Tenants who have not paid the rent on time cannot be evicted right away. Landlords must always give them a termination notice, which gives them a specified amount of time in which to leave on their own and thus avoid an eviction lawsuit. And, depending on state law, some tenants may be entitled to a period of time to pay the rent or move out, which gives them a chance to save their tenancy.
Many states give tenants a specified amount of time to pay the rent (or move out). If the tenant pays within the specified time, he gets to stay. In this situation, the landlord gives the tenant a "pay or quit" notice.
Some states impose grace periods, making landlords wait a specified number of days before delivering a pay or quit notice. For example, in Maine, rent isn't considered late until 15 days after the date it's due (Me. Rev. Stat. tit. 14, § 6028). Few states are that generous. More typical is Connecticut, whose grace period is nine days (Ct. Gen. Stat. Ann. § 47a-15a), and Tennessee, which allows for five days (Tenn. Gen. Code Ann. § 66-28-201(d)).
The majority of states, however, do not require landlords to wait a specified number of days before sending a termination notice. In these states, the landlord may send a notice the day after rent is due but unpaid.
In some situations, tenants who are late with the rent can be told to leave, period, with no chance to pay the late rent and save their tenancy. These notices are known as "unconditional quit" notices. If the state has a grace period, the landlord must wait this out, and a tenant who pays the rent within that grace period will save her tenancy. But as soon as the grace period ends, the tenant loses the ability to pay and stay.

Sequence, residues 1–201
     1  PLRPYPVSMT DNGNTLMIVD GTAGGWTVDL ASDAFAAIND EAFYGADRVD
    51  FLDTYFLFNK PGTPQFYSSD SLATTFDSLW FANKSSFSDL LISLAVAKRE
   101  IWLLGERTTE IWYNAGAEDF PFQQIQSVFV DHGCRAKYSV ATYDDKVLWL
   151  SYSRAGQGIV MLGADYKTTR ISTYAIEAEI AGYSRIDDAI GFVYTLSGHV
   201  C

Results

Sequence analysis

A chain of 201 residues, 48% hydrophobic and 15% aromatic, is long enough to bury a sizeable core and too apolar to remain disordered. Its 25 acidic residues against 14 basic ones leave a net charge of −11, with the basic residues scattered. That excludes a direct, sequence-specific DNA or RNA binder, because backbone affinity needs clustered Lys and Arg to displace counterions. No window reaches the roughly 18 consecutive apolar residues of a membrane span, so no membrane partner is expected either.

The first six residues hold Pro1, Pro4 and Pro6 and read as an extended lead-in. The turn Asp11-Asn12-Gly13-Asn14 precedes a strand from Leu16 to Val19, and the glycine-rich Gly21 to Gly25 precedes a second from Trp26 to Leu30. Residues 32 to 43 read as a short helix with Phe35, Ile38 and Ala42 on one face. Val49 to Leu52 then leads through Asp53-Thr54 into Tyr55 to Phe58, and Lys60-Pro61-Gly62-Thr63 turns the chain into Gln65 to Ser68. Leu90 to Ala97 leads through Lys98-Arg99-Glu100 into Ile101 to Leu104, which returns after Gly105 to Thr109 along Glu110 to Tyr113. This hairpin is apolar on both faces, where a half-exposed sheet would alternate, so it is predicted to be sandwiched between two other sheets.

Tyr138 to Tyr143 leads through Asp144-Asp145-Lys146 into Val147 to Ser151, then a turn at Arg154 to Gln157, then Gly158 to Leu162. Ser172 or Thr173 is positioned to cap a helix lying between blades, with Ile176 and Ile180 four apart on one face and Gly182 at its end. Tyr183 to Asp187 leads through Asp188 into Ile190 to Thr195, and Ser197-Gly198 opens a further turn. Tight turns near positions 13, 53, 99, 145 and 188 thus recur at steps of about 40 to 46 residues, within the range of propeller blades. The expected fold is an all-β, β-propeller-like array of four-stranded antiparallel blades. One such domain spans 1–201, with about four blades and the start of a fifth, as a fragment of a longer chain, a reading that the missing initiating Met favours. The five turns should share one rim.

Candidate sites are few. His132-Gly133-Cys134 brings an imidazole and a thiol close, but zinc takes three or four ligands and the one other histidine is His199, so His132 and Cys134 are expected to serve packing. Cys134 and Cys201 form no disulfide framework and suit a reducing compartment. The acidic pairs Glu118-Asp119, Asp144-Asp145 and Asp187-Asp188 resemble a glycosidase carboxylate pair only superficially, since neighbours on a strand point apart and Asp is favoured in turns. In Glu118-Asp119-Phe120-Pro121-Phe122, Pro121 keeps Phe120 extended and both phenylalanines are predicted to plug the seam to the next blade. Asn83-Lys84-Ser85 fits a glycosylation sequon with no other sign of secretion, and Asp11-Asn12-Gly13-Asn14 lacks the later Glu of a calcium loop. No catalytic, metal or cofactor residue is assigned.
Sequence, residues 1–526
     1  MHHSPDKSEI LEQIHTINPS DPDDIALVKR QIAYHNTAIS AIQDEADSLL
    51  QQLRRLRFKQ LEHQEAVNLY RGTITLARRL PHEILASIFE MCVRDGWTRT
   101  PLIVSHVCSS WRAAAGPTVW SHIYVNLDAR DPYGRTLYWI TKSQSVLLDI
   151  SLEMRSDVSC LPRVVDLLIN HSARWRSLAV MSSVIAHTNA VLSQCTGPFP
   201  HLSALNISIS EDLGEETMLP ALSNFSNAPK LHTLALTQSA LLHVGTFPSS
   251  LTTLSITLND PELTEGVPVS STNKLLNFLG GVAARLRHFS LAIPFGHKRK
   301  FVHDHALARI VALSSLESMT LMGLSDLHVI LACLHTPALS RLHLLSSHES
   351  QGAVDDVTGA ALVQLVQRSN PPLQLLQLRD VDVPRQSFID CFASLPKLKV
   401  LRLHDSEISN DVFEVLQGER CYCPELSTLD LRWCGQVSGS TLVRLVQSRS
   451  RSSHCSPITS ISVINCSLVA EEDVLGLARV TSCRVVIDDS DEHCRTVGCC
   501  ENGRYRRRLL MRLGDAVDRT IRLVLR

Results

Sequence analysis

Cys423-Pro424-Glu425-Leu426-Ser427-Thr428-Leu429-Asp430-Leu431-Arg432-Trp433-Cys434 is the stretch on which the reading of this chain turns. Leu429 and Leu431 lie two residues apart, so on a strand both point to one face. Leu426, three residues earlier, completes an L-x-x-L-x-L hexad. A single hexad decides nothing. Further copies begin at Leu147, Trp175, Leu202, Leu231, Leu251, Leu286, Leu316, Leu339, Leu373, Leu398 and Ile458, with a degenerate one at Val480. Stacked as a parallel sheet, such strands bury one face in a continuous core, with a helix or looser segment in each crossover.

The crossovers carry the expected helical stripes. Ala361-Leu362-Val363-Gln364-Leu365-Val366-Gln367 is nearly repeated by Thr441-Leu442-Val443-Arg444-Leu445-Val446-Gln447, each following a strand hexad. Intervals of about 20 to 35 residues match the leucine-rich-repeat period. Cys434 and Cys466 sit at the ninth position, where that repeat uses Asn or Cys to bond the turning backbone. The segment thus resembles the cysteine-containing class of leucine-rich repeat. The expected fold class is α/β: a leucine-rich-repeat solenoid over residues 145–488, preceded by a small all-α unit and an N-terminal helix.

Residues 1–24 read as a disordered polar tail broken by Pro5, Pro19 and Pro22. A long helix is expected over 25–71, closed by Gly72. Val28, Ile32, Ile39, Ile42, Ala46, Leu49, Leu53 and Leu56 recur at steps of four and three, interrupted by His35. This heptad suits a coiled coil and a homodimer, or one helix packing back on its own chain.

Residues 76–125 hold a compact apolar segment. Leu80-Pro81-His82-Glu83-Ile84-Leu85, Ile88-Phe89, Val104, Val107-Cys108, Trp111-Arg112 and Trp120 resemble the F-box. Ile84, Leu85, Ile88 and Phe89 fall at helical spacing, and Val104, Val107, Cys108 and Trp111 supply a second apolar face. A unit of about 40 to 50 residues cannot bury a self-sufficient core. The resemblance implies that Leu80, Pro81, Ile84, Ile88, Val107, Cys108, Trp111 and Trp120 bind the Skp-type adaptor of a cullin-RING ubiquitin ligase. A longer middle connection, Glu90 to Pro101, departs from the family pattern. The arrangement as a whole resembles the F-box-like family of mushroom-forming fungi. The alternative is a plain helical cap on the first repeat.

In all situations, when tenants fail to act in time to either pay and save their tenancy, or not pay and move out, or move out as directed (with unconditional quit notices), the landlord can take the next step. Contrary to some tenants' fears and landlords' beliefs, this next step cannot be a lock-out, the removal of tenants' belongings, or utility shut-offs. These are rouge "self-help" evictions, illegal in the vast majority of states.
Lern more about the Tenant Eviction Process.
The next step for landlords is to file a lawsuit in court, known as an eviction or unlawful detainer. The tenant must be given, or served, the court papers, and must answer the lawsuit with a written response. If the tenant doesn't answer or doesn't show up at the hearing, the landlord will win. Of course, if the tenant disputes the grounds for the termination and eviction, the tenant can defend himself at trial.
If the landlord wins, the court issues an order for the tenant to leave the property by a certain date, often within a very few days. A law enforcement officer will come to the property and physically remove the tenant and his belongings if the tenant hasn't already moved out by the eviction date.
If the tenant wins, he may be awarded not only the right to continue his tenancy, but other damages (and possibly attorney fees and court costs).
Learn about other Landlord and Tenant Laws.